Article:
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William Godwin: his Friends and Contemporaries
Ch. VII. 1806-1811
William Godwin to Charles Lamb, 10 March 1808

Contents Vol. I
Ch. I. 1756-1785
Ch. II. 1785-1788
Ch. III. 1788-1792
Ch. IV. 1793
Ch. V. 1783-1794
Ch. VI. 1794-1796
Ch. VII. 1759-1791
Ch. VII. 1791-1796
Ch. IX. 1797
Ch. X. 1797
Ch. XI. 1798
Ch. XII. 1799
Ch. XIII. 1800
Contents Vol. II
Ch. I. 1800
Ch. II. 1800
Ch. III. 1800
Ch. IV. 1801-1803
Ch. V. 1802-1803
Ch. VI. 1804-1806
Ch. VII. 1806-1811
Ch. VIII. 1811-1814
Ch. IX. 1812-1819
Ch. X. 1819-1824
Ch. XI. 1824-1832
Ch. XII. 1832-1836
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Produced by CATH
Skinner St., March 10, 1808.

Dear Lamb,—I address you with all humility, because I know you to be tenax propositi. Hear me, I entreat you, with patience.

“It is strange with what different feelings an author and a bookseller looks at the same manuscript. I know this by experience: I was an author, I am a bookseller. The author thinks what will conduce to his honour: the bookseller what will cause his commodities to sell.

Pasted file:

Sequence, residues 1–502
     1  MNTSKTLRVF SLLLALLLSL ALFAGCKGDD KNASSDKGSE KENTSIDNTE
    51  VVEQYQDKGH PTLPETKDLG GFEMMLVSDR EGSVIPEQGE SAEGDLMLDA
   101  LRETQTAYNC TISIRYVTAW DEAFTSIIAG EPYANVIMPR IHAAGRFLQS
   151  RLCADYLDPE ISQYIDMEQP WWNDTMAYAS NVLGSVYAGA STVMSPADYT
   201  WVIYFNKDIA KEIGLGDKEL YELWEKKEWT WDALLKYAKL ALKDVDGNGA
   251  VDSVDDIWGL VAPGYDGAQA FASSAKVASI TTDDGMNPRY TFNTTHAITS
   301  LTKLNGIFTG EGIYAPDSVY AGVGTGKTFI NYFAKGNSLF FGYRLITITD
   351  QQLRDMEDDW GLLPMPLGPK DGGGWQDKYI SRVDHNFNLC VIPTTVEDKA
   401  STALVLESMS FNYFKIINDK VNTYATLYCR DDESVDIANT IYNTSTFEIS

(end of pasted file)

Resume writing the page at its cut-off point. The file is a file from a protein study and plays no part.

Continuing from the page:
“You, or some other wise man, I have heard to say, It is children that read children’s books, when they are read, but it is
parents that choose them. The critical thought of the tradesman put itself therefore into the place of the parent, and what the parent will condemn.

“We live in squeamish days. Amid the beauties of your manuscript, of which no man can think more highly than I do, what will the squeamish say to such expressions as these,—‘devoured their limbs, yet warm and trembling, lapping the blood,’ p. 10. Or to the giant’s vomit, p. 14; or to the minute and shocking description of the extinguishing the giant’s eye in the page following. You, I daresay, have no formed plan of excluding the female sex from among your readers, and I, as a bookseller, must consider that if you have you exclude one half of the human species.

“Nothing is more easy than to modify these things if you please, and nothing, I think, is more indispensable.

“Give me, as soon as possible, your thoughts on the matter.

“I should also like a preface. Half our customers know not Homer, or know him only as you and I know the lost authors of antiquity. What can be more proper than to mention one or two of those obvious recommendations of his works, which must lead every human creature to desire a nearer acquaintance.—Believe me, ever faithfully yours,

W. Godwin.”